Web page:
Heat Stroke Essay

Heat stroke can be a risk, especially in the summer months. If you want to enjoy the outdoors in hot weather, you should keep hydrated and avoid overly exerting yourself in heat and humidity. If you have to be outside, drink plenty of fluids and take breaks in a cool place. You should avoid liquids that dehydrate you, such as caffeine drinks and alcoholic beverages. Instructions 1. Prevent Heat Stroke o1 Limit the time you spend outdoors to the early morning and evening hours. The temperature is cooler and this is a good time to exercise or accomplish other outdoor tasks such as gardening. o2 Bump up your fluid intake.

Prevent heat stroke by drinking even when you are not thirsty. You want to prepare your body for the heat, not wait until it gets the best of you. If exercising drink two to four glasses of cool water an hour. Replenish your body of the salt and minerals you lose while perspiring by drinking a sports beverage. o3 Steer clear from overly sugary drinks. These beverages can cause you to lose more body fluid. Also, pay attention to the temperature of drinks since very cool drinks can cause heat cramps in your stomach. o4 Stay inside as much as possible on hot days. Make use of the air conditioner.

If you do not have an air-conditioned home, visit the mall or another public place for a few hours. This can help your body stay cool even when you go back to the warmer environment. o5 Dress appropriately. Wear loose-fitting, well-ventilated, thin clothing in light colors. A black shirt, or other dark color, can absorb the sun and raise your body temperature. o6 Utilize the American Heart Association website for recommendations to prevent heat stroke and live healthier during the summer (see Resources below). Read more:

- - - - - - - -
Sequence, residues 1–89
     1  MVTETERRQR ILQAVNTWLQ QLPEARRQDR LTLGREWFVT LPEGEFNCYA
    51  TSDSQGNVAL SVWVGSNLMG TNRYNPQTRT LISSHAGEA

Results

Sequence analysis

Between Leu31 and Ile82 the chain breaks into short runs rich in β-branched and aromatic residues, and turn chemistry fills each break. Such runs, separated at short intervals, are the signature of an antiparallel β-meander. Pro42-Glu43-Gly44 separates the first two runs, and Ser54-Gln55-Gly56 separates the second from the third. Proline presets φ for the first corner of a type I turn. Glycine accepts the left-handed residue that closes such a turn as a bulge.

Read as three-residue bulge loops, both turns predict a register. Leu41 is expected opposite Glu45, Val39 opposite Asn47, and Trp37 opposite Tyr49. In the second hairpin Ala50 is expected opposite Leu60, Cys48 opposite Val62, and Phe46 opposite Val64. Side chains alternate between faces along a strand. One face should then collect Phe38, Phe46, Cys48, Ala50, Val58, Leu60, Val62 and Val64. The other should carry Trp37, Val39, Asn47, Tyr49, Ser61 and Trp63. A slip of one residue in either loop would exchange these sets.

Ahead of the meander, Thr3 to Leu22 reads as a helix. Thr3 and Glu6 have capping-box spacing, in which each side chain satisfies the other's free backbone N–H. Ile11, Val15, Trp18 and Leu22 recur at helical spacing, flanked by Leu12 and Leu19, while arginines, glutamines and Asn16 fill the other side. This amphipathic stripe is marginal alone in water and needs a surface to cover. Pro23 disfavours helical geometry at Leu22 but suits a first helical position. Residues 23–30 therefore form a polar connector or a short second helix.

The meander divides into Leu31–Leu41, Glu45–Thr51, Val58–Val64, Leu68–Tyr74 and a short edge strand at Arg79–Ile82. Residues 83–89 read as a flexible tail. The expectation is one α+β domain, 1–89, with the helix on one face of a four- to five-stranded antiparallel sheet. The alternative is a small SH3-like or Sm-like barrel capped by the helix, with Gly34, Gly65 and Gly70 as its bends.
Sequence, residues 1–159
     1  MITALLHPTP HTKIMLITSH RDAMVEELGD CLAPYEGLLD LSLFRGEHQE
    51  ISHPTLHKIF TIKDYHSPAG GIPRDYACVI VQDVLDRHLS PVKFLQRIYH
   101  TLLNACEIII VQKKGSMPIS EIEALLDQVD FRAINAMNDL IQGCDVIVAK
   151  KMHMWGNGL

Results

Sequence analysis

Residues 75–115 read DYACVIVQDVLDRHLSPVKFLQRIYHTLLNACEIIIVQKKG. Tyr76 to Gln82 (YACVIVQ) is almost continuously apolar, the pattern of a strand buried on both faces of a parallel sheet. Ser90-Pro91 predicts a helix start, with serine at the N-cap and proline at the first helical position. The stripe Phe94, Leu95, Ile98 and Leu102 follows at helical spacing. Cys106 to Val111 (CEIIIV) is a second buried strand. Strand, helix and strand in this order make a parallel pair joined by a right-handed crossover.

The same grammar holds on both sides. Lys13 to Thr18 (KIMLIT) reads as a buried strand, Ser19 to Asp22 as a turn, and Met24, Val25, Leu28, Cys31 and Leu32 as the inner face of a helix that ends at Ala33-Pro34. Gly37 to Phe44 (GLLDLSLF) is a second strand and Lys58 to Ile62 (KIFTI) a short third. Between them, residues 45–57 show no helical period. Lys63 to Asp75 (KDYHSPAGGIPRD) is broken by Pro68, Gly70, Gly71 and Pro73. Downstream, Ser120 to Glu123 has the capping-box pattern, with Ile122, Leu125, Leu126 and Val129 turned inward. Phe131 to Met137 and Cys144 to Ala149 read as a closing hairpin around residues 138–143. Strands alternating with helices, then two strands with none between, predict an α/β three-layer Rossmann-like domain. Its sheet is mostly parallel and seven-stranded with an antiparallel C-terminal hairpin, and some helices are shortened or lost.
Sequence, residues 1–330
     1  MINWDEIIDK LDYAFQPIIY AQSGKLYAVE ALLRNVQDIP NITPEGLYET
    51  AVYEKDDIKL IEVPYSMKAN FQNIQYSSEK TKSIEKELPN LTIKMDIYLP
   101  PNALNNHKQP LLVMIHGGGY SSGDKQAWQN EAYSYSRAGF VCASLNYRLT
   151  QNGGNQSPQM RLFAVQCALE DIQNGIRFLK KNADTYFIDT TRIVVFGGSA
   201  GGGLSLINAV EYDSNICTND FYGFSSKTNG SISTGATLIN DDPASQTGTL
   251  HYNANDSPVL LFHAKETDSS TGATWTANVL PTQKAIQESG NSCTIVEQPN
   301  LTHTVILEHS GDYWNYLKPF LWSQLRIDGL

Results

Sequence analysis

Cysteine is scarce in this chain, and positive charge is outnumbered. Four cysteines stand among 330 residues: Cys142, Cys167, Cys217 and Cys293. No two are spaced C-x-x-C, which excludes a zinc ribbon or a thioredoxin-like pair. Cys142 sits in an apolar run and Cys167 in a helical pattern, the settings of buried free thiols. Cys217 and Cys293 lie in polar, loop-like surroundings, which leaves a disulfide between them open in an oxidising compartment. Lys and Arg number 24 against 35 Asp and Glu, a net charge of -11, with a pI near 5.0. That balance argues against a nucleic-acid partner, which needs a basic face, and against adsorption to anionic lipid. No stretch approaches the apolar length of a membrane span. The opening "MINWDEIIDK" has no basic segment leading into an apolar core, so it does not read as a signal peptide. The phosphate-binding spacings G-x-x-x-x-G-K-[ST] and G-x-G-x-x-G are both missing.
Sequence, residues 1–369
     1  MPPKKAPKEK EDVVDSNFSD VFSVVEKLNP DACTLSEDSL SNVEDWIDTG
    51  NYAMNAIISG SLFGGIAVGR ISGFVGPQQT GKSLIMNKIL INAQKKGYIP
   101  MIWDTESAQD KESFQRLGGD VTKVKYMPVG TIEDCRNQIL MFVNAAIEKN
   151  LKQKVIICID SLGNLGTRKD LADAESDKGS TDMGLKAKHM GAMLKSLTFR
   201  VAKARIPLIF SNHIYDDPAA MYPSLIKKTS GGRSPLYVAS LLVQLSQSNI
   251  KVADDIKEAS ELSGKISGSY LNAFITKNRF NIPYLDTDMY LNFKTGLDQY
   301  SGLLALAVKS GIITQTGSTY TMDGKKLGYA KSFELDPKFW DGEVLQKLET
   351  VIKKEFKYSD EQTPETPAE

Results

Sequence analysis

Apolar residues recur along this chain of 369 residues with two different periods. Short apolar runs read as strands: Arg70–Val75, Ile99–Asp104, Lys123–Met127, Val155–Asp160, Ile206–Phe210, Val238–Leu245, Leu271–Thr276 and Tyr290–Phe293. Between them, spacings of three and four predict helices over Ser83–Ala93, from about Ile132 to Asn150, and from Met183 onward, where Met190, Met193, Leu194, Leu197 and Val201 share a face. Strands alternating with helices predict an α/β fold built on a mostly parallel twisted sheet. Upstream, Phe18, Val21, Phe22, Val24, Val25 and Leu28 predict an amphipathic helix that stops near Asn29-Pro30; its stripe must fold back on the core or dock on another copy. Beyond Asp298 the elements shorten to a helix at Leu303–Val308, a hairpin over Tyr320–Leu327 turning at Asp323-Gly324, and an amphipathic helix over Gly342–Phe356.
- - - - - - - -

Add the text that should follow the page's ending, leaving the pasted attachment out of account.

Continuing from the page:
How to Prevent Heat Stroke | eHow. com http://www. ehow. com/how_2048187_prevent-heat-stroke. html#ixzz2QTlbZWRH.

What is, and who is at risk for heat stroke?

Heat stroke is a form of hyperthermia or heat-related illness, an abnormally elevated body temperature with accompanying physical symptoms including changes in the nervous system function. Unlike heat cramps and heat exhaustion, two other forms of hyperthermia that are less severe, heat stroke is a true medical emergency that is often fatal if not properly and promptly treated. Heat stroke is also sometimes referred to as heatstroke or sun stroke. Severe hyperthermia is defined as a body temperature of 104 F (40 C) or higher.

The body normally generates heat as a result of metabolism, and is usually able to dissipate the heat by radiation of heat through the skin or by evaporation of sweat. However, in extreme heat, high humidity, or vigorous physical exertion under the sun, the body may not be able to sufficiently dissipate the heat and the body temperature rises, sometimes up to 106 F (41.1 C) or higher. Another cause of heat stroke is dehydration. A dehydrated person may not be able to sweat fast enough to dissipate heat, which causes the body temperature to rise.

Heat stroke is not the same as a stroke. "Stroke" is the general term used to describe decreased oxygen flow to an area of the brain.

Those most susceptible (at risk) individuals to heat stroke include:

  • Infants
  • The elderly (often with associated heart diseases, lung diseases, kidney diseases, or who are taking medications that make them vulnerable to dehydration and heat strokes)
  • Athletes
  • Individuals who work outside and physically exert themselves under the sun
  • Infants, children, or pets left in cars.

Heat stroke is sometimes classified as exertional heat stroke (EHS, which is due to overexertion in hot weather) or non-exertional heat stroke (NEHS, which occurs in climactic extremes and affects the elderly, infants, and chronically ill.

Quick GuideDehydration: Causes, Symptoms & Tips to Stay Hydrated

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